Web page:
Viel, M.
Wang, Y.
Welikala, N.
Whittaker, L.
Zacchei, A.
Zamorani, G.
Zoubian, J.
Zucca, E.
Euclid Collaboration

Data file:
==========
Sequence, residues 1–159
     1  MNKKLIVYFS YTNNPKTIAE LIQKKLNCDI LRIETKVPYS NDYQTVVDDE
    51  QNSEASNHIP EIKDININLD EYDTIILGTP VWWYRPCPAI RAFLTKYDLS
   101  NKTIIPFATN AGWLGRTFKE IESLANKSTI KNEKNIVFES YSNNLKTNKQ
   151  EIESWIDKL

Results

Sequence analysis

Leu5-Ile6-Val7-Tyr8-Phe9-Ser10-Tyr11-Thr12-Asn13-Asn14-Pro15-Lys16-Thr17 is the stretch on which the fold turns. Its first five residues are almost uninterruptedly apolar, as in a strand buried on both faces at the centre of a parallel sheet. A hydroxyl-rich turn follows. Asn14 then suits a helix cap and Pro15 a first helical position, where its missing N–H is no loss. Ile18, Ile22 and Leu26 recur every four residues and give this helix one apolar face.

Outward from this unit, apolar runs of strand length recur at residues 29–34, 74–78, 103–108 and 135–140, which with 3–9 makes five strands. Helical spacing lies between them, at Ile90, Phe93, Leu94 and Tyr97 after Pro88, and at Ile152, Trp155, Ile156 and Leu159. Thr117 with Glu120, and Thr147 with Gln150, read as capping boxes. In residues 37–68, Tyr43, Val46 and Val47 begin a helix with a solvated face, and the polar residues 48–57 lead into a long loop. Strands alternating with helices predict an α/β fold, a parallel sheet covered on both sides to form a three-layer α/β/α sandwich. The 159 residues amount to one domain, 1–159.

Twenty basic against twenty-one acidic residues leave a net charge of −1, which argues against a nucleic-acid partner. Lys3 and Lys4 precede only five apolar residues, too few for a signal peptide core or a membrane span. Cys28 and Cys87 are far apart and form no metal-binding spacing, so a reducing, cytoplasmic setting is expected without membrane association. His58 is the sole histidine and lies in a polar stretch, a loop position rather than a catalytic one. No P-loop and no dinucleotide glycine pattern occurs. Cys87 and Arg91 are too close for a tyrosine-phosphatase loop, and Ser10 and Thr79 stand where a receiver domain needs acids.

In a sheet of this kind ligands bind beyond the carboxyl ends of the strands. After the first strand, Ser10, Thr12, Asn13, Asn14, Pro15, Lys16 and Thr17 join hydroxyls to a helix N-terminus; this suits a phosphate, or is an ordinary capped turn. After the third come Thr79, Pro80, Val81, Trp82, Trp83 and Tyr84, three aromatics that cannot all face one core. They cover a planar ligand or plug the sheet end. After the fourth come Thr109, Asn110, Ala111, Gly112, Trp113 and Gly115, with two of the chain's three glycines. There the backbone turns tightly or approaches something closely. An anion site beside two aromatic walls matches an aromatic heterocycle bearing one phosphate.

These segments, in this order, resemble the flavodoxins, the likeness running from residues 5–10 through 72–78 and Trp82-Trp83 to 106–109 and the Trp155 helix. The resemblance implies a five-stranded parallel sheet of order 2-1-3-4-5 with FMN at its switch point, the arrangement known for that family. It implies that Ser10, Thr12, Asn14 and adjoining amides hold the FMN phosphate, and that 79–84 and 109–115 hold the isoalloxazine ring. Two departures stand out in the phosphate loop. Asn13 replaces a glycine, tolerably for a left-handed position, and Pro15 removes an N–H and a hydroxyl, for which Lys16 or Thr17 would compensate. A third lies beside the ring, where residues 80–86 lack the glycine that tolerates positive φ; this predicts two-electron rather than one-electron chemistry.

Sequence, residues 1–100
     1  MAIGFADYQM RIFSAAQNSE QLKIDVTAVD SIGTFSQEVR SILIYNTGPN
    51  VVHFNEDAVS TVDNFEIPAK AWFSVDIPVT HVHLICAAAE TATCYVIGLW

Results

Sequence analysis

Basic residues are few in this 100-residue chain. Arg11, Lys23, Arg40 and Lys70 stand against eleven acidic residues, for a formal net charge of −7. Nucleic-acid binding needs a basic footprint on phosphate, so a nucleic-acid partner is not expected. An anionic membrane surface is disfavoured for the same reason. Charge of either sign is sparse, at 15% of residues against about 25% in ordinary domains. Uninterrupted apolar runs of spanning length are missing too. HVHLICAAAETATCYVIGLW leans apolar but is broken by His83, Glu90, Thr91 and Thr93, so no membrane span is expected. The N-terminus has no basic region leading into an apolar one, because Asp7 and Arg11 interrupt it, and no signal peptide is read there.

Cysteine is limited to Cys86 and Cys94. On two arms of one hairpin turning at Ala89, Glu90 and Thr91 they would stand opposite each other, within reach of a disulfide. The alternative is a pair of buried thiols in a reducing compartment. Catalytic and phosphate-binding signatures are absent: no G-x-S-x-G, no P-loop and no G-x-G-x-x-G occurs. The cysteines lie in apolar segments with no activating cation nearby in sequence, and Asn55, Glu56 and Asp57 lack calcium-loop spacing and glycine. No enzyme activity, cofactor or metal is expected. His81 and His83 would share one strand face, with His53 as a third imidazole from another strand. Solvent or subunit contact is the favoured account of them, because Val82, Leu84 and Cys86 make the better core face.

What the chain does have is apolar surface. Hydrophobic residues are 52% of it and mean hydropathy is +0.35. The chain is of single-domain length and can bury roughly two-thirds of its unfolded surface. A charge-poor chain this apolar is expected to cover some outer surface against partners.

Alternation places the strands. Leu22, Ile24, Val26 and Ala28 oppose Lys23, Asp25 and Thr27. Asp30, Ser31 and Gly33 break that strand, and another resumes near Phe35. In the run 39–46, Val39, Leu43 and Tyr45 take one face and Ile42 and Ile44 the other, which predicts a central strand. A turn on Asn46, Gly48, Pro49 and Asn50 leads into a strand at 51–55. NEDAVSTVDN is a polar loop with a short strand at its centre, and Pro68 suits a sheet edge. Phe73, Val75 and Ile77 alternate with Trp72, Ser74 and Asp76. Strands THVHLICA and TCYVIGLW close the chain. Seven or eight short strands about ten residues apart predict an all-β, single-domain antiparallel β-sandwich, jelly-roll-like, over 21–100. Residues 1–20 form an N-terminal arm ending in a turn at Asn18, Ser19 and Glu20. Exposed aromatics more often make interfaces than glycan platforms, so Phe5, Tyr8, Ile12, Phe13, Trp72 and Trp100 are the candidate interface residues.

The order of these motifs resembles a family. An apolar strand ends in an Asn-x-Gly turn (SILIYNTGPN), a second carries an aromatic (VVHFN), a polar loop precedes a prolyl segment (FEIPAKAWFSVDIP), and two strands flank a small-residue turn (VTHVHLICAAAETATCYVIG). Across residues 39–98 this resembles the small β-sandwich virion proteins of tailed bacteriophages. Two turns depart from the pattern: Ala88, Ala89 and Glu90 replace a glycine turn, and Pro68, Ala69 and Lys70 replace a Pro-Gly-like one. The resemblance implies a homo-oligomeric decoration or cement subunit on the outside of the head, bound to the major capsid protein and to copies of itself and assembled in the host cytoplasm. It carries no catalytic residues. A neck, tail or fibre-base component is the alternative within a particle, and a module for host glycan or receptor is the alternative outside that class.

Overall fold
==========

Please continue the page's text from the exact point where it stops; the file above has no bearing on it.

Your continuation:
Forthcoming large photometric surveys for cosmology require precise and accurate photometric redshift (photo-z) measurements for the success of their main science objectives. However, to date, no method has been able to produce photo-zs at the required accuracy using only the broad-band photometry that those surveys will provide. An assessment of the strengths and weaknesses of current methods is a crucial step in the eventual development of an approach to meet this challenge. We report on the performance of 13 photometric redshift code single value redshift estimates and redshift probability distributions (PDZs) on a common set of data, focusing particularly on the 0.2 − 2.6 redshift range that the Euclid mission will probe. We designed a challenge using emulated Euclid data drawn from three photometric surveys of the COSMOS field. The data was divided into two samples: one calibration sample for which photometry and redshifts were provided to the participants; and the validation sample, containing only the photometry to ensure a blinded test of the methods. Participants were invited to provide a redshift single value estimate and a PDZ for each source in the validation sample, along with a rejection flag that indicates the sources they consider unfit for use in cosmological analyses. The performance of each method was assessed through a set of informative metrics, using cross-matched spectroscopic and highly-accurate photometric redshifts as the ground truth. We show that the rejection criteria set by participants are efficient in removing strong outliers, that is to say sources for which the photo-z deviates by more than 0.15(1 + z) from the spectroscopic-redshift (spec-z). We also show that, while all methods are able to provide reliable single value estimates, several machine-learning methods do not manage to produce useful PDZs. We find that no machine-learning method provides good results in the regions of galaxy color-space that are sparsely populated by spectroscopic-redshifts, for example z >  1. However they generally perform better than template-fitting methods at low redshift (z <  0.7), indicating that template-fitting methods do not use all of the information contained in the photometry. We introduce metrics that quantify both photo-z precision and completeness of the samples (post-rejection), since both contribute to the final figure of merit of the science goals of the survey (e.g., cosmic shear from Euclid). Template-fitting methods provide the best results in these metrics, but we show that a combination of template-fitting results and machine-learning results with rejection criteria can outperform any individual method. On this basis, we argue that further work in identifying how to best select between machine-learning and template-fitting approaches for each individual galaxy should be pursued as a priority.